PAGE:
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|Career (United Kingdom)|
|Laid down:||11 March 1943|
|Launched:||1 March 1944|
|Commissioned:||29 September 1945|
|Identification:||Pennant number: R34 later changed to D34|
|Status:||Arrived at Cashmore, Newport July 1964 for breaking|
|Class and type:||C-class destroyer|
|Displacement:||1,885 tons (1,915 tonnes)
2,545 tons full (2,585 tonnes)
|Length:||362.75 ft (110.57 m) o/a|
|Beam:||35.75 ft (10.90 m)|
|Draught:||11.75 ft (3.58 m)|
|Propulsion:||2 Admiralty 3-drum boilers,
Parsons single-reduction geared steam turbines,
40,000 shp (29.8 MW), 2 shafts
|Speed:||36 knots (67 km/h) / 32 knots (59 km/h) full|
|Range:||4,675 nmi (8,658 km) at 20 knots (37 km/h)
1,400 nmi (2,600 km) at 32 knots (59 km/h)
|Radar Type 275 fire control on director Mk.VI|
HMS Cockade was a C-class destroyer of the Royal Navy. A cockade is a knot of ribbons, or other circular- or oval-shaped symbol of distinctive colours which is usually worn on a hat. So far she has been the only ship of the Royal Navy to bear the name.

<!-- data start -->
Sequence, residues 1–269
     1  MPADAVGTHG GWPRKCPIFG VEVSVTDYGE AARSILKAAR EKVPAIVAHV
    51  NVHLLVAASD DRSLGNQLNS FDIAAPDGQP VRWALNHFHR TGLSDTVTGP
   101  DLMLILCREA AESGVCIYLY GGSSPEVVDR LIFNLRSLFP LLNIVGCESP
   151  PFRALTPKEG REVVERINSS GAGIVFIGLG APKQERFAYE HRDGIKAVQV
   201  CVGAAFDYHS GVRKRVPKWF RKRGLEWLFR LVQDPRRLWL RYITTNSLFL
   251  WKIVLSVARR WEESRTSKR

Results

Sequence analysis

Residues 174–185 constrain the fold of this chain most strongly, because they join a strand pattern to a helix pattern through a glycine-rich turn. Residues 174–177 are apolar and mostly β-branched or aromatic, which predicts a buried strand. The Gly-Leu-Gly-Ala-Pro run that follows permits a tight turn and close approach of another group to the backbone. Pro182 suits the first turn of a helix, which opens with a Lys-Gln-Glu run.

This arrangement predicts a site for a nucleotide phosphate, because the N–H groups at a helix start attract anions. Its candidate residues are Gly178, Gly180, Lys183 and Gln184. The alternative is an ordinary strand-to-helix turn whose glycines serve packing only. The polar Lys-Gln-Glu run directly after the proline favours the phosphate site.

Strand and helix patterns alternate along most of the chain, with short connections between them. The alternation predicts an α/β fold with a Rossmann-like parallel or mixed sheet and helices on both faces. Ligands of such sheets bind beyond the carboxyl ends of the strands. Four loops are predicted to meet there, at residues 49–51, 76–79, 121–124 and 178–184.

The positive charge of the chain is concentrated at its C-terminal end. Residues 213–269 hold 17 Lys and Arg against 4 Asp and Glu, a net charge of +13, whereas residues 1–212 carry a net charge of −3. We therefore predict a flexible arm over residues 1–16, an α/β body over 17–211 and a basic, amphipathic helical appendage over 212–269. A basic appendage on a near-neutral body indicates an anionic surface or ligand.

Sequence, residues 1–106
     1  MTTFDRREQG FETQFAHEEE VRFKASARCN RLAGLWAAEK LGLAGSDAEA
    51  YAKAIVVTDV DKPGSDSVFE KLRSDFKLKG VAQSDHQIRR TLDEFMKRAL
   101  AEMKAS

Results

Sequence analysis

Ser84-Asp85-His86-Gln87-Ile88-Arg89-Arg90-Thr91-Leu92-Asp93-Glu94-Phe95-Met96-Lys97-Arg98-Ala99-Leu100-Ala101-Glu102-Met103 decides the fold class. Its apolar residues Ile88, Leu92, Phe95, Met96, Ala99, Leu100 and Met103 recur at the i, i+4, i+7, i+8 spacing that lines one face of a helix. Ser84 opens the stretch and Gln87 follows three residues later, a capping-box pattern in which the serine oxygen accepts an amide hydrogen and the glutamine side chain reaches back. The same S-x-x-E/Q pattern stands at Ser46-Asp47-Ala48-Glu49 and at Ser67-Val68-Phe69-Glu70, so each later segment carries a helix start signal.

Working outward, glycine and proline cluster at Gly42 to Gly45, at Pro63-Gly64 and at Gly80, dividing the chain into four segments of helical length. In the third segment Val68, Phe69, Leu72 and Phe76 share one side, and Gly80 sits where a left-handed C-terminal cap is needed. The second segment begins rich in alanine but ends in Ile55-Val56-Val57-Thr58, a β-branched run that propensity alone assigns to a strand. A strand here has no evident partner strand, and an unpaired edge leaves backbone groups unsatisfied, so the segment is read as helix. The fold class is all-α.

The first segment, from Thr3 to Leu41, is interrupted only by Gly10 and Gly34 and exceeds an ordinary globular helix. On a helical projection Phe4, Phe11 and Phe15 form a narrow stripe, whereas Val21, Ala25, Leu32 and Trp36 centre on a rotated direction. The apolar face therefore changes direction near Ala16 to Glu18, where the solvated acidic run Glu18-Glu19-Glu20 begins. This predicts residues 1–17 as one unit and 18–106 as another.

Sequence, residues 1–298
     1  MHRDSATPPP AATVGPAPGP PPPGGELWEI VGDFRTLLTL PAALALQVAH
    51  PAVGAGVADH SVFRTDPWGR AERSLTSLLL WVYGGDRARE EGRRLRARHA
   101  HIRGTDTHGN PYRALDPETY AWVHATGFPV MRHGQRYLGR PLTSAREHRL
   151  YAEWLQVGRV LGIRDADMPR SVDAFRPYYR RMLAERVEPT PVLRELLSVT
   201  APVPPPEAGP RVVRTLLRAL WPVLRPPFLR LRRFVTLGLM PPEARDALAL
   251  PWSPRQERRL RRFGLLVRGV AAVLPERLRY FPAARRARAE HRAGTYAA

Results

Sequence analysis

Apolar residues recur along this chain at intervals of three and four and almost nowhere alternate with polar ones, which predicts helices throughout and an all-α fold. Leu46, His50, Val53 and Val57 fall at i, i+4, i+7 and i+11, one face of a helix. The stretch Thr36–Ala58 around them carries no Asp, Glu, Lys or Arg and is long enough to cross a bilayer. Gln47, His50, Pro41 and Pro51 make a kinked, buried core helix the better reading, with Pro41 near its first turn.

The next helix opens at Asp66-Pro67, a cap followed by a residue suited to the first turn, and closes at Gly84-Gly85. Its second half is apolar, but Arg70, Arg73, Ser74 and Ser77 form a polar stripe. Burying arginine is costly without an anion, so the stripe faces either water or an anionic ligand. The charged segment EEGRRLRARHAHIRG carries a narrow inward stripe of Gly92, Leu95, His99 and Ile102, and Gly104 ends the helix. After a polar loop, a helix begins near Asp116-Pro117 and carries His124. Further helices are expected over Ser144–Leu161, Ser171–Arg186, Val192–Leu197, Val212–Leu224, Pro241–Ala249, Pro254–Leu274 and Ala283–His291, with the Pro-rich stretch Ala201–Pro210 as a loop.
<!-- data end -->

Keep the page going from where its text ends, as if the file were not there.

Cockade was launched on 1 March 1944 and commissioned on 29 September 1945.
Cockade commissioned too late to see service in the Second World War. After the war she was allocated the pennant number D34. Her first Commanding Officer was Lt Cdr Terence Desmond Herrick, DSC RN. She served in the post-war Royal Navy, initially sailing to the Far East, exercising off Hong Kong in 1946.
She subsequently saw service in the Korean War, acting as escorts for the Royal Navy aircraft carriers and providing shore bombardment capability. Whilst there she also visited Singapore and Japan. She also took part in the Malayan Emergency as part of the 8th Destroyer Squadron. In 1957 she was serving again at Hong Kong.
Cockade returned to Plymouth from the Far East in 1958 and decommissioned for the last time. The destroyer was laid up at Devonport in reserve pending disposal. Following her decommissioning Cockade was sold in September 1964 to John Cashmore Ltd for breaking up at Newport, Wales.